Christoph Waltz  is real-life’s larger-than-life Walter Keane in Tim Burton’s (‘Edward Scissorhands’, ‘Alice in Wonderland’) latest box office release ‘Big Eyes’. The Austrian plays the entrepreneurial husband of Margaret Keane, played by Amy Adams, claiming with her reluctant consent, to be the painter of the eponymous ‘big-eyed’ kitsch-art sensation of the 1950’s. He explained how much he enjoyed portraying such a flamboyant and unstable character, why in his opinion this is NOT a biopic and h

Taxi Driver (18) | Review

See a classic with new eyes. Sony Pictures have restored Taxi Driver up to a 4K standard viewing experience with the ‘guidance’ of cinematographer Michael Chapman and Scorsese himself. Up-scaling from the original negatives doesn’t lose any of that New York grime of the hazy VHS experience from 40 years ago, the period is still unforgettable given the film’s saturation in the‘70s, but it raises the level of technology to compliment a piece that is self-evidently already artistically poignant.

Kubo and the Two Strings (PG) | Home Ents Review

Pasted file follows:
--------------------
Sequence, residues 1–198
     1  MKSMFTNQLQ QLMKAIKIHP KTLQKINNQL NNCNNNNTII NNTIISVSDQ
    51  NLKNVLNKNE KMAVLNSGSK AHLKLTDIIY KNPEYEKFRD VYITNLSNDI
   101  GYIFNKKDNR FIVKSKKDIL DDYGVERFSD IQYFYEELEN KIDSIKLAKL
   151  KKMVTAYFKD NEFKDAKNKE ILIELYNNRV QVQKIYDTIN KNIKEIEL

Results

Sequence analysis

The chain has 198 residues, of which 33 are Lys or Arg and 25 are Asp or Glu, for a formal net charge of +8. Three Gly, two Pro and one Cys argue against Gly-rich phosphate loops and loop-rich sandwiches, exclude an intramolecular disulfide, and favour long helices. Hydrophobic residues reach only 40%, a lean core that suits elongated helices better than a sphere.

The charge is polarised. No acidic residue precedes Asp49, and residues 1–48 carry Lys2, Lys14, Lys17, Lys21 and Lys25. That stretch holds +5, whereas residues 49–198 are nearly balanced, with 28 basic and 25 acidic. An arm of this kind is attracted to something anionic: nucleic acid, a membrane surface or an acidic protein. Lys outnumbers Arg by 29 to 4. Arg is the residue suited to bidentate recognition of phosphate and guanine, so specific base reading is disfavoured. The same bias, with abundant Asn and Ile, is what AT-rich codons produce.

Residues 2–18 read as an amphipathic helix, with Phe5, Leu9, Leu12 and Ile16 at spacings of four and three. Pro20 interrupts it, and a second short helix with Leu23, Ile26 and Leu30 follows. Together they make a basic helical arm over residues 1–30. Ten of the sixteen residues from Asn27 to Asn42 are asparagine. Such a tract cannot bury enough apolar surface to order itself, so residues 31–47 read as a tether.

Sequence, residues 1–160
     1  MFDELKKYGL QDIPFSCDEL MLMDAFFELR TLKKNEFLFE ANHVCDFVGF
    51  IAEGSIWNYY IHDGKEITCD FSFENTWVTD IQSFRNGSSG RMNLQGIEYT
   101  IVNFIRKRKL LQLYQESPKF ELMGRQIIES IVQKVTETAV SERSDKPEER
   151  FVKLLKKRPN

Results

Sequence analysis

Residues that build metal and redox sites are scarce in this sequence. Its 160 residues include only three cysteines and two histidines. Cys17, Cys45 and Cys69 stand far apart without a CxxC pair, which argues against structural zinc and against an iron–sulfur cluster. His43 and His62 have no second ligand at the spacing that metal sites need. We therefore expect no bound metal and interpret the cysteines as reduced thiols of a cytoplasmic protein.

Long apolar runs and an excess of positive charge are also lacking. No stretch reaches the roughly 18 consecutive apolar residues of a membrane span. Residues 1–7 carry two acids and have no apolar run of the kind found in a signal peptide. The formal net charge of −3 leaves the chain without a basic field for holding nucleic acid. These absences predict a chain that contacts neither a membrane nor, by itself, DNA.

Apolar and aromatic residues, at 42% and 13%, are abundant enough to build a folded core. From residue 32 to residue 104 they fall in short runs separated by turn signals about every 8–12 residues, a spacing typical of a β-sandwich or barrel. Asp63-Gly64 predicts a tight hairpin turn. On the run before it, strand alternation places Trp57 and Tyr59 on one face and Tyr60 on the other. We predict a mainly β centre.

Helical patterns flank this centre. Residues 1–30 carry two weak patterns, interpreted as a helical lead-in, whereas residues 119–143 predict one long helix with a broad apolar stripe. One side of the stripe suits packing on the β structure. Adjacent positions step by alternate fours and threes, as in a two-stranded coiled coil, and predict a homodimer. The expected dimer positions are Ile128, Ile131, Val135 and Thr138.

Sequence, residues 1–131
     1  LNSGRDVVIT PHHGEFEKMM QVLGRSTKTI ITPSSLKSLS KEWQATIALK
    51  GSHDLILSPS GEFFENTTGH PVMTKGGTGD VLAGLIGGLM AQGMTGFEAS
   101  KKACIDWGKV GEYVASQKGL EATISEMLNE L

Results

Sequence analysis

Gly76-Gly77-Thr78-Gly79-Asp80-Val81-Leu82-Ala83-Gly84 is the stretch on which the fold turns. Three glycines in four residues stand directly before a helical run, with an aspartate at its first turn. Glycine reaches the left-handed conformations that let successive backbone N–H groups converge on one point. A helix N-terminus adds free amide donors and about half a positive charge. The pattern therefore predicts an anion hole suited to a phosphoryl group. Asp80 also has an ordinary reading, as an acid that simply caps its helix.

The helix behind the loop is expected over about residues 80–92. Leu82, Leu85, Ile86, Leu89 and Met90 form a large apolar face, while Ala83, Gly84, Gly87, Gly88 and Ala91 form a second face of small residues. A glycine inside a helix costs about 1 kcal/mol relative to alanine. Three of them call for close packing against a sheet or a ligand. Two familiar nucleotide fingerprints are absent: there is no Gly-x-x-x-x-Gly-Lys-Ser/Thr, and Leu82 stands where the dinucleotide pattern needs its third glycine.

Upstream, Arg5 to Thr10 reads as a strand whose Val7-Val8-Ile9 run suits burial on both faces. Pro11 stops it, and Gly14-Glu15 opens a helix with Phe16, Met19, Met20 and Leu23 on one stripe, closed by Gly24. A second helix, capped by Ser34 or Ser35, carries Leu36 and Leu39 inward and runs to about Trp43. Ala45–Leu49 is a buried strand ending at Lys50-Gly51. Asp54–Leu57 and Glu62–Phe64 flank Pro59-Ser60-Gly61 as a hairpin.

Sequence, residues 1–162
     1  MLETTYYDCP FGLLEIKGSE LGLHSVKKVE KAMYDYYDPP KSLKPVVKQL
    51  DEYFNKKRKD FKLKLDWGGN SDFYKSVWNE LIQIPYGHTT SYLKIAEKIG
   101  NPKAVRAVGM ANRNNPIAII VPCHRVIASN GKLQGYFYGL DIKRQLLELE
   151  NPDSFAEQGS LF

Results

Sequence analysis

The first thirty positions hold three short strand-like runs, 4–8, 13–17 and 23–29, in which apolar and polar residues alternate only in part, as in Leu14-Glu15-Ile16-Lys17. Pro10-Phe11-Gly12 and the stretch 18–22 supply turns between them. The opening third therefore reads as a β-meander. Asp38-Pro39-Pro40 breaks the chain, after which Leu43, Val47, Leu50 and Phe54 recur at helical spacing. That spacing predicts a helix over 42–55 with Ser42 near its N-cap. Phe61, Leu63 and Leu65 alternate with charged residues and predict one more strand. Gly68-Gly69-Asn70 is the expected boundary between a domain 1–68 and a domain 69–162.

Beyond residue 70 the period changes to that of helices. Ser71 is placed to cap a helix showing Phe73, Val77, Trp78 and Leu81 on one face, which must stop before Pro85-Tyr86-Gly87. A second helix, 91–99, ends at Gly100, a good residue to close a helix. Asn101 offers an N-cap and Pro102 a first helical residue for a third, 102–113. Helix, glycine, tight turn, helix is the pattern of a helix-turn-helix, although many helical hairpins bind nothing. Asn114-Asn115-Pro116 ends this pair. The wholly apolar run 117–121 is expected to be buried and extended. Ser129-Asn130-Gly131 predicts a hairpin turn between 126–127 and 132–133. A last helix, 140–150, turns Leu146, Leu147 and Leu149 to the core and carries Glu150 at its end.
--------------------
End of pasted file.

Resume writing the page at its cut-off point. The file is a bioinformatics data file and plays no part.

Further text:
A magical shamisen (a ‘three-stringed’ Japanese banjo-type instrument) enables a young Kubo to animate swirls of paper into origami and illustrate tales of legendary samurai. When he breaks the rule set by his mother not to stay out after sundown he is plunged into an epic adventure of his own across wild landscapes in this gorgeously crafted Laika production (ParaNorman, Coraline and Boxtrolls). The story isn’t particularly special, but it does go to some dark places thematically and includes

Close-Up with... Billy O’Brien and Alice Diop

The London Film Festival is a busy time for both filmmakers and press. However, an excellent part of it is the opportunity to meet the directors behind some of the films on show in a more informal way than unusual. A series of afternoon teas are organised in order to match-up, speed-date style, journalists and directors over a cup of tea and a scone or three. I spoke to Billy O’Brien (Isolation, The Hybrid), who is the man behind I Am Not A Serial Killer and Alice Diop (Le Mort De Danton), the woman behind the French documentary On Call.